Friday, May 7, 1999

Sugar Recovery Plans Present Political Challenge

Sugar Recovery Plans Present Political Challenge

Wesley Gibbings

PORT OF SPAIN, May 7 (IPS) - Long-time allies appear ready to square off over controversial plans to restructure the country's ailing sugar industry.

A "Transformation Imperative Plan" (TIP) to take the state-owned sugar company, Caroni Ltd, to the year 2003 is being heavily attacked by the leading trade union in the industry once led by Prime Minister Basdeo Panday.

President-General of the All Trinidad Sugar and General Workers Trade Union (ATSGWTU), Boysie More-Jones, is claiming there was "absolutely no consultation" on the plan though the board of the company is saying the TIP should not be treated as fait accompli.

Union advisor, Roodal Moonilal, a government Senator and Panday biographer, says any attempt to rationalise the operations of the company "can never come about without consultations".

Both sides have agreed to continue talking, but government minister Morgan Job let slip a few weeks ago while pinch-hitting for his agriculture colleague, Reeza Mohammed, that the Panday administration had, at last, bitten the political bullet on the issue.

The company employs 9,600 persons directly, 4,500 indirectly and buys sugar cane from 5,000 independent farmers who employ 15,000 persons from the Central Trinidad region that is said to be the political heart-land of the ruling United National Congress (UNC).

The UNC receives the bulk of its support from the East Indian farming communities of Central Trinidad. The ailing sugar industry has always been a combustible problem for successive administrations fearing the likely political backlash from voters in the area.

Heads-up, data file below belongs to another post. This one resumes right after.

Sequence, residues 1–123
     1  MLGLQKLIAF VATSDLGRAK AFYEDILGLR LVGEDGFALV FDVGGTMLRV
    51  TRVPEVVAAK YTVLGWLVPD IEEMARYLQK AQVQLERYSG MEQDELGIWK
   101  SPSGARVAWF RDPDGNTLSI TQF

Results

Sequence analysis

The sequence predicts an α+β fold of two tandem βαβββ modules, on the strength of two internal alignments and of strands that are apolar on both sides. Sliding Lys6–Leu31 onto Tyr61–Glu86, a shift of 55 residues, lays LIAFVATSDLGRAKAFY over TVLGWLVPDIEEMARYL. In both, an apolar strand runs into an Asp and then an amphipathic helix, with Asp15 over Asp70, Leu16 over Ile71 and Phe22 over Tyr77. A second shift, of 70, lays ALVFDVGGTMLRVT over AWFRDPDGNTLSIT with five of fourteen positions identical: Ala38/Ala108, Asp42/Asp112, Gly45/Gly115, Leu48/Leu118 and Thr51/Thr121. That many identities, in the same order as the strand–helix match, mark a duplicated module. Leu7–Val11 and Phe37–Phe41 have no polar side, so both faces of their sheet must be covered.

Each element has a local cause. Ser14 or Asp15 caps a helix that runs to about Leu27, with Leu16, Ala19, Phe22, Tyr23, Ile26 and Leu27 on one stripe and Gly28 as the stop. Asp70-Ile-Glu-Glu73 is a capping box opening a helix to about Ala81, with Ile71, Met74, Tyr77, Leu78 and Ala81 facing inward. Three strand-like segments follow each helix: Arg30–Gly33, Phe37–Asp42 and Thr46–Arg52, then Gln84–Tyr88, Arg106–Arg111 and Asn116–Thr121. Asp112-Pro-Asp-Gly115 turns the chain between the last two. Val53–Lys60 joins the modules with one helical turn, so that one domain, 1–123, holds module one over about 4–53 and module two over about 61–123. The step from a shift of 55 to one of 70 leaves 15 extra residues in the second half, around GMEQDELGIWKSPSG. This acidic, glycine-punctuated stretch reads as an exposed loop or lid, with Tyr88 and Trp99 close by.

One estimate made by Caroni Ltd is that more than 220,000 persons will be affected by any move aimed at restructuring the company which has not made a profit since 1976.

But More-Jones sees a more ominous potential. He says the dismantling of Caroni will see a substantial reduction in the company's workforce liabilities in excess of 100 million dollars.

Now comes the TIP with an agenda that includes the formation of a holding company and a programme of "voluntary separation" that will affect more than 3,600 employees over a period of three years.

The union says it agrees that any programme of change will include layoffs, but it will not support the proposed plan which calls for drastic reductions over such a short period.

President of the Trinidad Islandwide Cane Farmers Association (TICFA), Raffique Shah says he would have supported the plan if it aimed at making independent farmers of sugar workers over a period of time.

"But we can't support this (Plan)", he says.

Shah, who once occupied the Opposition benches with Panday, says his organisation is joining hands with Caroni Ltd workers to oppose the TIP.

Strong language from the union, in conjunction with voices such as Shah's, may create its fair share of headaches for a ruling party that shares office space with the ATSGWTU.

Panday led that union between 1973 and 1995 when he eventually became head of government in a coalition deal with former Prime Minister Arthur Robinson. (END/1999)

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